Environmental Justice


Environmental Justice


Environmental Justice and the Politics of Garbage

Dr. Robert D. Bullard (2014)

In place of NIMBY (Not In My Back Yard) politics, Houston practiced a “PIBBY” (Place In Blacks’ Back Yard) policy. Government and private industry targeted Houston’s Black neighborhoods for landfills, incinerators, garbage dumps, and garbage transfer stations.

The Politics of Equity

Dr. Robert D. Bullard (1978)

The environmental movement in the United States emerged with agendas that focused on such areas as wilderness and wildlife preservation, resource conservation, pollution abatement, and population control, and was supported primarily by wealthy white communities.

Toxic Wastes and Race at Twenty

Dr. Robert D. Bullard, Dr. Paul Mohai, Dr. Robin Saha, and Dr. Beverly Wright (2007)

This report found race to be the most potent variable in predicting where hazardous waste facilities were located in the Unites States, even more powerful that household income. 


Racialized Siting

Racialized industrial facilities siting, which has subsequently led to a higher number of brownfields, can be attributed to higher levels of nitrogen dioxide (NO2) and toxic particulate pollution (PM2.5) “hazardous” and “declining” graded communities. In fact, nitrogen dioxide pollution levels are 56% higher in communities graded as “hazardous” than those graded as “best."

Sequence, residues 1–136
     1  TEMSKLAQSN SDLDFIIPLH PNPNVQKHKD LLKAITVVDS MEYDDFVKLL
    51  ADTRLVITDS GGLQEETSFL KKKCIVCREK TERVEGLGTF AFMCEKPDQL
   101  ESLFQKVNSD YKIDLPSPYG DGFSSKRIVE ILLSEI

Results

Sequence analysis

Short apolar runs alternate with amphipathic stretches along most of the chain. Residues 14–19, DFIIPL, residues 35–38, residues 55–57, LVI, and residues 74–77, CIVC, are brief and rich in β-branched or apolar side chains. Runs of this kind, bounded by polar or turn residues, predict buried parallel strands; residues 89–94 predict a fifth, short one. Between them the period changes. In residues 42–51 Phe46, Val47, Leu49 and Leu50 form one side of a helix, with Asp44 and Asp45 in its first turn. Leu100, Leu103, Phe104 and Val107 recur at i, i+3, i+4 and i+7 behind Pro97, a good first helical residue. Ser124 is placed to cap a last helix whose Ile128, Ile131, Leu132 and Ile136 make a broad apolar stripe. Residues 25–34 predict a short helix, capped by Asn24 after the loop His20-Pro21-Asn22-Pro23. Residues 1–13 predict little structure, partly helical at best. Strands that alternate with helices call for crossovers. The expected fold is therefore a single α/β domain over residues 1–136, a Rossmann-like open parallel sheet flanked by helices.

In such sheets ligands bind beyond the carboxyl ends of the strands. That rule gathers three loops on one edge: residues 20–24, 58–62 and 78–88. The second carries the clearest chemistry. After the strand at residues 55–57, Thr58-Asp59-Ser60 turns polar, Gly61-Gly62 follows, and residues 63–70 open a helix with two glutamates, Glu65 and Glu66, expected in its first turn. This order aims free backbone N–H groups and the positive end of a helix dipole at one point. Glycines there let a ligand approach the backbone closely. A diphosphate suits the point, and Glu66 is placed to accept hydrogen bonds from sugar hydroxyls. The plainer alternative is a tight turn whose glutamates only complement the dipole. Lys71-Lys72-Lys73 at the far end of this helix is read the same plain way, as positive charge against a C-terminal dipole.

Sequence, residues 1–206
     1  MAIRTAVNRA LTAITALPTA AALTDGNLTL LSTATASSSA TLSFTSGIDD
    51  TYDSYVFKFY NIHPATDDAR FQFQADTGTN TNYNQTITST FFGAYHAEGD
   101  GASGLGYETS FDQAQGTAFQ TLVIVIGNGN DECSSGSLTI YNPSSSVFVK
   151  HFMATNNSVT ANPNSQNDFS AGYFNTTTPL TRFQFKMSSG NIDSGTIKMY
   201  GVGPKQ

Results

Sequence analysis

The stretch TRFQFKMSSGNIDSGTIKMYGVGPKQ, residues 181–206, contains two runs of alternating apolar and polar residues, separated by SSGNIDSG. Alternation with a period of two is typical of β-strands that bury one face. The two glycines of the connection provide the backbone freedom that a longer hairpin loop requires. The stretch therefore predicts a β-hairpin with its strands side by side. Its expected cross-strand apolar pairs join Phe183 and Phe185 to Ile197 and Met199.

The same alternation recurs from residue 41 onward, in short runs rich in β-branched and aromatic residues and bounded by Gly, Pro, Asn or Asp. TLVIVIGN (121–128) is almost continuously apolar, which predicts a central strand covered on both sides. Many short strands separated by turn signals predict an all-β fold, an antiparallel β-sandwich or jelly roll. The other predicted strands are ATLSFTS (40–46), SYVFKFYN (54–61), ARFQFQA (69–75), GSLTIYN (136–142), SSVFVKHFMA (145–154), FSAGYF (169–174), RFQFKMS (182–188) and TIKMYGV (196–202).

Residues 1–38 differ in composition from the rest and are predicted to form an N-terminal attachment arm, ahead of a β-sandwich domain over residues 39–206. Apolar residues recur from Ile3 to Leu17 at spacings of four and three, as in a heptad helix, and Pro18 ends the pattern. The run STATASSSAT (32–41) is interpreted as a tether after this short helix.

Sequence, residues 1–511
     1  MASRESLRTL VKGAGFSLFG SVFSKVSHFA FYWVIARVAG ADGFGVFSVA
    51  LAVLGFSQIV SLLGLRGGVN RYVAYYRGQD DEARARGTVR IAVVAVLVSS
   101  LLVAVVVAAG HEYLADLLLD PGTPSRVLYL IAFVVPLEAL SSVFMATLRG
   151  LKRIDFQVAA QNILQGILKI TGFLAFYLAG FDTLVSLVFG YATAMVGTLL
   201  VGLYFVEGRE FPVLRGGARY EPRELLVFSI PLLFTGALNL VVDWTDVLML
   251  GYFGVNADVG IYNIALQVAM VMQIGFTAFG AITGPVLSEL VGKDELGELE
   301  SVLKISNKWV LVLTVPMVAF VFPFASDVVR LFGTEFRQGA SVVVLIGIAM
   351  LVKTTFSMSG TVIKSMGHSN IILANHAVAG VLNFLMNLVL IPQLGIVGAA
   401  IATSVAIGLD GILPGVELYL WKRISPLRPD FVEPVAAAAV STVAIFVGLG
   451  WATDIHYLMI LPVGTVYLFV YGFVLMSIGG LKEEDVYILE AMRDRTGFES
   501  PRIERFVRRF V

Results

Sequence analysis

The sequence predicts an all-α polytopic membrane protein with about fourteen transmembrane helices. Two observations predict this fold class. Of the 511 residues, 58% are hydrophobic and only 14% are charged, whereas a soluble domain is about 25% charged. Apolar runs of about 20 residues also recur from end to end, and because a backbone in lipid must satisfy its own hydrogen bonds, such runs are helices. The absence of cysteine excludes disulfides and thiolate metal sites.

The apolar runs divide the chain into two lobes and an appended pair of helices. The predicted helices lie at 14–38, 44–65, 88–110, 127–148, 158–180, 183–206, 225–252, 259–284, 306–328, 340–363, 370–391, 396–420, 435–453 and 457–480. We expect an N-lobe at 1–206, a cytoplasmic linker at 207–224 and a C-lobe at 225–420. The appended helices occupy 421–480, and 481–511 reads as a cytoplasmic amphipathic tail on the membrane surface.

Moreover, 3 out of every 5 Black and Hispanic Americans live in communities near uncontrolled Environmental Protection Agency (EPA) hazardous waste sites. On average, communities within 3 km of hazardous waste sites are 56% people of color, despite making up only 30% of the population nationally.

Environmental justice incorporates the idea that we are just as much concerned about wetlands, birds and wilderness areas, but we’re also concerned with urban habitats, where people live in cities, about reservations, about things that are happening along the US-Mexican border, about children that are being poisoned by lead in housing and kids playing outside in contaminated playgrounds.

Dr. Robert Bullard

Father of Environmental Justice
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